Driverless Audi RS7 Reaches Speeds You Won’t Believe

A driverless Audi car built for normal speeds is nothing new for an Audi concept car. On the other hand, a car more similar to something you could find at a local dealership rocketing around a racetrack without a driver behind the wheel is taking everyday driving to another level.

According to CNN, the Audi RS7 completed the Hockenheimring racetrack in Germany driverless and topped off at a whopping 140 miles per hour on Sunday.

In order to take the turns of the speedway and find the best possible positions on the track to operate without crashing at high speeds, the driverless car had to have a positioning system which could be nothing but extremely precise.

The Audi RS7 was equipped to know exactly where it was on the track at any given moment using computers and sensors to guide it.

Although it must have been amusing and amazing to see a driverless car complete a high-speed lap around a racetrack, Audi could draw some important conclusions about safety through the autonomous trip around the track.

Ulrich Hackenberg, board member for technical development at Audi, believes the RS7 shows its versatility in harsh situations.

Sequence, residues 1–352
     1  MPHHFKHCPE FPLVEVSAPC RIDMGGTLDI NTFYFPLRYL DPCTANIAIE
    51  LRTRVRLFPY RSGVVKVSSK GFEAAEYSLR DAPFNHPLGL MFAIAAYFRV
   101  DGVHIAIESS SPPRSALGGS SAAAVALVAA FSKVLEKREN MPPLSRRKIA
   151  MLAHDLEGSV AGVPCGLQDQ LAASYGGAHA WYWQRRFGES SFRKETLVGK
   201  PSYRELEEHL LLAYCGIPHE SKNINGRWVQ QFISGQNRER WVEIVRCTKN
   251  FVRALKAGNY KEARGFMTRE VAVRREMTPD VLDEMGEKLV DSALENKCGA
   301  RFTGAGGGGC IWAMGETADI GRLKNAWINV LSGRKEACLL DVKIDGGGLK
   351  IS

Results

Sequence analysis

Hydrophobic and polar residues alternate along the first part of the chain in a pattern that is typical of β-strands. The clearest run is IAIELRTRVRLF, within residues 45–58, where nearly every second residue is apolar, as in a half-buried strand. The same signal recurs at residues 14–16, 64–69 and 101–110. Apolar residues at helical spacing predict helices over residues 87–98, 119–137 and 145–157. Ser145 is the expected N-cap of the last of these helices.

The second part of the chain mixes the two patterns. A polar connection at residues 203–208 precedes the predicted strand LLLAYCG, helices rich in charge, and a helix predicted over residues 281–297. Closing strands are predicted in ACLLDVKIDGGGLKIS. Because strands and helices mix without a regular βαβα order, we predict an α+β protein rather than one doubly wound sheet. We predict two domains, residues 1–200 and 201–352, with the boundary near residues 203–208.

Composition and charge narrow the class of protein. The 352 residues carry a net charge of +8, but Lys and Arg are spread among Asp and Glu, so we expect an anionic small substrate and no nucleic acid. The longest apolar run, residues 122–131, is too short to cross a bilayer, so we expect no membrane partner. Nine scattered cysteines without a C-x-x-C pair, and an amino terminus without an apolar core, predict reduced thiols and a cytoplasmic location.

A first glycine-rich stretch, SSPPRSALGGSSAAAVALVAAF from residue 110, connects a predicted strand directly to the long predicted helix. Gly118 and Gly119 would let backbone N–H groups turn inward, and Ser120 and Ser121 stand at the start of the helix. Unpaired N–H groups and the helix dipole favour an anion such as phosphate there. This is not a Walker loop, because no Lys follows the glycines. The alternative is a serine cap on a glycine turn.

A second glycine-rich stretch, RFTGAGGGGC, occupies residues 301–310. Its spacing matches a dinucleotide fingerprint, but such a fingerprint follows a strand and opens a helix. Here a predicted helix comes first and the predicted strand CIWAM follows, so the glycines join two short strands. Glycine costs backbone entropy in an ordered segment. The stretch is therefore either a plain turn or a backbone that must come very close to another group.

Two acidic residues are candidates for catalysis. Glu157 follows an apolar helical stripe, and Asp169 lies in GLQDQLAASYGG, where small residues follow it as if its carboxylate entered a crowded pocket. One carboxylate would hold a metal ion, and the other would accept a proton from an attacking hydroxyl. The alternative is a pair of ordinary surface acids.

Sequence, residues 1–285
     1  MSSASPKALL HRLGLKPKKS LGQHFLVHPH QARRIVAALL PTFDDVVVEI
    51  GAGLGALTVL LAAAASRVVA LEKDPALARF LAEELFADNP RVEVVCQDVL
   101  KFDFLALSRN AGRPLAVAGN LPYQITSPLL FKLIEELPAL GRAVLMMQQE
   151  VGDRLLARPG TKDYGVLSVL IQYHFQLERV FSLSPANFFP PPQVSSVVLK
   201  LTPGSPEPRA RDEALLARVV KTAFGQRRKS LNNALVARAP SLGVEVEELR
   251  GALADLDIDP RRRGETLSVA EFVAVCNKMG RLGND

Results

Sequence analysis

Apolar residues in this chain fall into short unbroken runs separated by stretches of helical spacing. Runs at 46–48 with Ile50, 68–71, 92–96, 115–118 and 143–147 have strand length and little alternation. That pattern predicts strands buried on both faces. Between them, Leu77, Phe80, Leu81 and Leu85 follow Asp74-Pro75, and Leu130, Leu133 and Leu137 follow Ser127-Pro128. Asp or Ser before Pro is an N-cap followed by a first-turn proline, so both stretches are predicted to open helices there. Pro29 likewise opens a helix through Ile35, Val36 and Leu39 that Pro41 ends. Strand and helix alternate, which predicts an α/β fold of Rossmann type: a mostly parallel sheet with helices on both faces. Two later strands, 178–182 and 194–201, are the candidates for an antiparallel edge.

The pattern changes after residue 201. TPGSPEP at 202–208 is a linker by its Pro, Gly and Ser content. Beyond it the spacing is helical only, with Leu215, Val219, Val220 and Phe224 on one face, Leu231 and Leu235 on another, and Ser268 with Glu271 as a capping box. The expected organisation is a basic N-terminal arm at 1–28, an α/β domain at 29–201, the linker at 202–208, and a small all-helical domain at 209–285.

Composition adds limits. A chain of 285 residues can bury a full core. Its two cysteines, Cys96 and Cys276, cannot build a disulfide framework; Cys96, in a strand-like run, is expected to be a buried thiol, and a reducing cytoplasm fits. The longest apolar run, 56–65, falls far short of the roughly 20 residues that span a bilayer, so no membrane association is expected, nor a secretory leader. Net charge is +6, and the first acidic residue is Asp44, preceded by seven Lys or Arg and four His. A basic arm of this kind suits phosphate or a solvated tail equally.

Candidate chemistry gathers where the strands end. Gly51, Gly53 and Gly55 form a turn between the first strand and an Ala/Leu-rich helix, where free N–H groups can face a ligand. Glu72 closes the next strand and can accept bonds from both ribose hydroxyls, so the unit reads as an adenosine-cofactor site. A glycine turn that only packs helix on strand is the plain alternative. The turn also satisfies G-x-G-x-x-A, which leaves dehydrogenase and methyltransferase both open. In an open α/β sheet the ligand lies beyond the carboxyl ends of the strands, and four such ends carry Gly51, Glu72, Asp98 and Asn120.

“We have to be able to manage extreme situations and that’s what we are demonstrating here.”

For real usage in everyday driving, a driverless car would have to respond as fast as possible to maneuver through obstacles or out of harm’s way. The car would need to be equipped with powerful sensors and ultra-fast programs and computers in order to be reliable and safe.

According to GTspirit, the autonomous Audi RS7 was able to navigate the track at high speeds using systems found in dealerships now. The car uses equipment available to consumers, such as lane assist, night vision, adaptive cruise control, parking assist, and Audi pre-sense safety.


What sets the Audi RS7 concept car apart from regular cars is a special GPS system on the roof, two extra 3D cameras in the front and two extra 3D cameras in the back. Special software and other hardware were essential in getting the car safely around the track at high speeds as well.

For optimal safety, the car raced around the track without other cars on the racetrack.

There are still many improvements to be made, and people to convince, before autonomous cars could be used with other cars regularly on the highway. GTspirit predicts cars with driverless options could be the norm in a decade or so.

While it may seem like owning a driverless car is still far off in the future, Audi has already received a license for autonomous driving in California.

[Image via Audi]